The interior of Earth can be observed through direct evidence such as rock samples from mining, deep ocean drilling project, volcanic eruptions and indirect evidence such as seismic waves, meteorite investigation, gravitation force, magnetic field etc.
Interior Structure of the Earth
Structure of the Earth
- The crust is the outermost brittle solid part of Earth ranging from 5 – 70 km.
- The Crust can be divided into:
- Continental Crust: Mean thickness is around 30 km, made of SIAL (Silica and Aluminium) and is thicker than Oceanic crust. Its density is around at 2.7 g/cm3
- Oceanic Crust: Mean thickness is around 5 km made of SIMA (Silica and Magnesium). Oceanic crust is basaltic in origin and relatively of younger age than the continental crust. The basaltic crust is denser at 3.0 g/cm3
- They extend up to 2890 km.
- Asthenosphere: The upper portion of the mantle which extends up to around 400 km and the main source of Magma.
- The density of mantle is 3.4 g/cm3
- The lower mantle is in solid state which extends up to the Core-Mantle boundary. This layer is called as the D″ (pronounced dee-double-prime) layer.
- The Crust and Upper part of Mantle combined called as Lithosphere.
- The Core extends to 2870 – 6370 km.
It is divided into
- Liquid Outer Core
- Solid Inner Core: Made of NIFE – Nickel and Ferrous.
Note: Inner core rotates slightly faster than the rest of the planet.
- The density at the outer core is at 5.5 g/cm3 which increase to 13 g/cm3 in the inner core.
Dynamo theory: It suggests that convection in the outer core, combined with the Coriolis effect, gives rise to Earth's magnetic field.
Schematic sections through the Earth:
- Continental crust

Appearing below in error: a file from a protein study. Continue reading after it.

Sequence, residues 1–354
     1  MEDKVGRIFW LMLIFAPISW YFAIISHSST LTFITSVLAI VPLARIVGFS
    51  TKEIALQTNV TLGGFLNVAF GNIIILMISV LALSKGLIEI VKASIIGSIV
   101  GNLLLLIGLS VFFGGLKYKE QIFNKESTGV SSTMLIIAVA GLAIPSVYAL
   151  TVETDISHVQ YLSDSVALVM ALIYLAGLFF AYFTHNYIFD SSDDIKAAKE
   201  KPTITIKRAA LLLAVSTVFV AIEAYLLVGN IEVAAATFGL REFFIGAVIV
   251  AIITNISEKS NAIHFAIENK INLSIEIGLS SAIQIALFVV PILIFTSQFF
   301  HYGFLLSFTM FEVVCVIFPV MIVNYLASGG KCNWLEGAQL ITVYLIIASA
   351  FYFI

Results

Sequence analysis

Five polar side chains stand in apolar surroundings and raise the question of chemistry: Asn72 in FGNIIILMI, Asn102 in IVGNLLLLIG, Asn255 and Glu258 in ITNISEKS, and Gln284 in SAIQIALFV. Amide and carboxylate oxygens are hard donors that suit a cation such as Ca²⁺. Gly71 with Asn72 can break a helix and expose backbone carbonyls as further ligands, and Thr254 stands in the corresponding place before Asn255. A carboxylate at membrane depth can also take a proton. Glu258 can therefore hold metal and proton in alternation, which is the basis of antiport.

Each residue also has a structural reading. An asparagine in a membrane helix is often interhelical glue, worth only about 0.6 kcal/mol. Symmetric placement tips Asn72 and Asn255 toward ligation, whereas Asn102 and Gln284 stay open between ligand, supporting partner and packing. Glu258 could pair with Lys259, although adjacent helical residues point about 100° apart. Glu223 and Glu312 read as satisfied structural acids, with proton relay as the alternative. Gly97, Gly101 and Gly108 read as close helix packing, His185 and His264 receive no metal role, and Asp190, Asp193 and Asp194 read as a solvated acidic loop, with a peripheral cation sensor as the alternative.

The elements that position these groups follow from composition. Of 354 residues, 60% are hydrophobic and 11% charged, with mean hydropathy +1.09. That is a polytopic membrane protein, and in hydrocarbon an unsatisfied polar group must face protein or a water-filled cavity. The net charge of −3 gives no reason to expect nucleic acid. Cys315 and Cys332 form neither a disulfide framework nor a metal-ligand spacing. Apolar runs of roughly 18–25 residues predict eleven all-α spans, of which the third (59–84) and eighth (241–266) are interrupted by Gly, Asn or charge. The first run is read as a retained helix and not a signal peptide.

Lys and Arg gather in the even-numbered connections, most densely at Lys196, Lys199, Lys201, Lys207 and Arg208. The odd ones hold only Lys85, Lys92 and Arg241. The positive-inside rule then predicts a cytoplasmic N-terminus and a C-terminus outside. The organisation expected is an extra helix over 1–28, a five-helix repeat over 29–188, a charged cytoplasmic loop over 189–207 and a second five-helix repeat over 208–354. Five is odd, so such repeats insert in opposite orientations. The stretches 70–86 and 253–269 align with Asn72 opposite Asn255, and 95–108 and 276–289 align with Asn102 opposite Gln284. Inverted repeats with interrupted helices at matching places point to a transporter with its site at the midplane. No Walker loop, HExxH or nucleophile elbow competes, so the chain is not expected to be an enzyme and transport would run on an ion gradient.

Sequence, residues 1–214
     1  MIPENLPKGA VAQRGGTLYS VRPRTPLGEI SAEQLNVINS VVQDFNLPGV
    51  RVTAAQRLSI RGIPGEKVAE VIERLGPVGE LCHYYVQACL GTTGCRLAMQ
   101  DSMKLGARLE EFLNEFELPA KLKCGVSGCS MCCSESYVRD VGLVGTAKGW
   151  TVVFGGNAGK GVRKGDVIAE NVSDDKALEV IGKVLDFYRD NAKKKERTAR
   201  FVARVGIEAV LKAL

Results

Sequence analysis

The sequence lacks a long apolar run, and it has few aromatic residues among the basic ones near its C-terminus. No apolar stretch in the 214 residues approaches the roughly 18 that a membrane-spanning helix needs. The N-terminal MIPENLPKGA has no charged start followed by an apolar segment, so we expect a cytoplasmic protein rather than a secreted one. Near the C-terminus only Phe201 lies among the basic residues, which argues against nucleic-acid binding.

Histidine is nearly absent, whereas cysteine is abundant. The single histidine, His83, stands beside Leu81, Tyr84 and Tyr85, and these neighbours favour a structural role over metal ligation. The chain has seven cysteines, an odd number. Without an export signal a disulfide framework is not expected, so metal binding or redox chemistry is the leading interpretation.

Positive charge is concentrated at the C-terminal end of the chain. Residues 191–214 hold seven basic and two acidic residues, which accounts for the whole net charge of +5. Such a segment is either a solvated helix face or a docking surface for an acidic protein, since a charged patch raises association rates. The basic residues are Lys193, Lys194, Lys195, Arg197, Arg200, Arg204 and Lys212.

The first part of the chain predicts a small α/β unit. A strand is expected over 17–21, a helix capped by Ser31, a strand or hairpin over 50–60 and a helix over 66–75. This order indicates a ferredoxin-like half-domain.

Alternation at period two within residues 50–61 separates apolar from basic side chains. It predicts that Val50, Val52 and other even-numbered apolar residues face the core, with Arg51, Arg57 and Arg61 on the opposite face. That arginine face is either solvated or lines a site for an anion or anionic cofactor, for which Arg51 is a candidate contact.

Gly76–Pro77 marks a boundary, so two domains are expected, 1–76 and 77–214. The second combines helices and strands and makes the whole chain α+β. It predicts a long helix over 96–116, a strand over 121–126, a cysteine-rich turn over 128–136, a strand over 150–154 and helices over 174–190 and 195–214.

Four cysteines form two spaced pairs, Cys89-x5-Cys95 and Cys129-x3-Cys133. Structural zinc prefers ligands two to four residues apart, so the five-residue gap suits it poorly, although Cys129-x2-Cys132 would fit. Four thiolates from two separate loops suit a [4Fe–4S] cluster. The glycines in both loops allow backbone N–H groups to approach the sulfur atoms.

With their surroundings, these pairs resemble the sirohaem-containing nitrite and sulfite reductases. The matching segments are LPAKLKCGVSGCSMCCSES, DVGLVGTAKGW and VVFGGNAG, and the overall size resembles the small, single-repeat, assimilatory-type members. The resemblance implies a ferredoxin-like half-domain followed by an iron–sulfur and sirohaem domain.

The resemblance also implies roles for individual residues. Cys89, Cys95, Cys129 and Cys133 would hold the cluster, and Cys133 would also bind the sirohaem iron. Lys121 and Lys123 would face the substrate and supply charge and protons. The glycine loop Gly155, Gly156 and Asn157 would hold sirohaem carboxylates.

- Oceanic crust
- Upper mantle
- Lower mantle
- Outer core
- Inner core
Boundaries in the Earth’s interior
Conrad Discontinuity: Between Upper and lower Continental Crust.
Mohorovičić discontinuity, “Moho”: Crust-Mantle boundary
Gutenberg discontinuity: Core-Mantle boundary
Lehmann discontinuity: Boundary between Outer and Inner Core
By Kelvinsong - Own work, CC BY-SA 3.0, https://commons.wikimedia.org/w/index.php?curid=23966175
- Earth’s radius: 6370 km.
- Earth diameter: about 12756 km at equator &
about 12715 km at the poles.
- Crust: 0.5 % of the volume of the Earth
Mantle: 83 % of the volume of the Earth
Core: 16 % of the volume of the Earth
- Temperature, Pressure and Density increases with the increasing distance from the surface to the interior in deeper depths
- Gravitation force is greater near the poles and lesser near the equator
- Gravity anomaly is the difference in gravity value according to the mass of the material
- It is a shaking of the Earth which is caused due to the release of energy along a fault line.
- Hypocentre or Focus: The point where the energy of an earthquake is released
- Epicentre: It is the point on the surface, directly above the focus, the first one to experience the waves.
Earthquake waves are divided into
- Body waves: created due to the release of energy at the Hypocentre (focus). These waves travel in all directions through the body of the earth.
It can be divided into: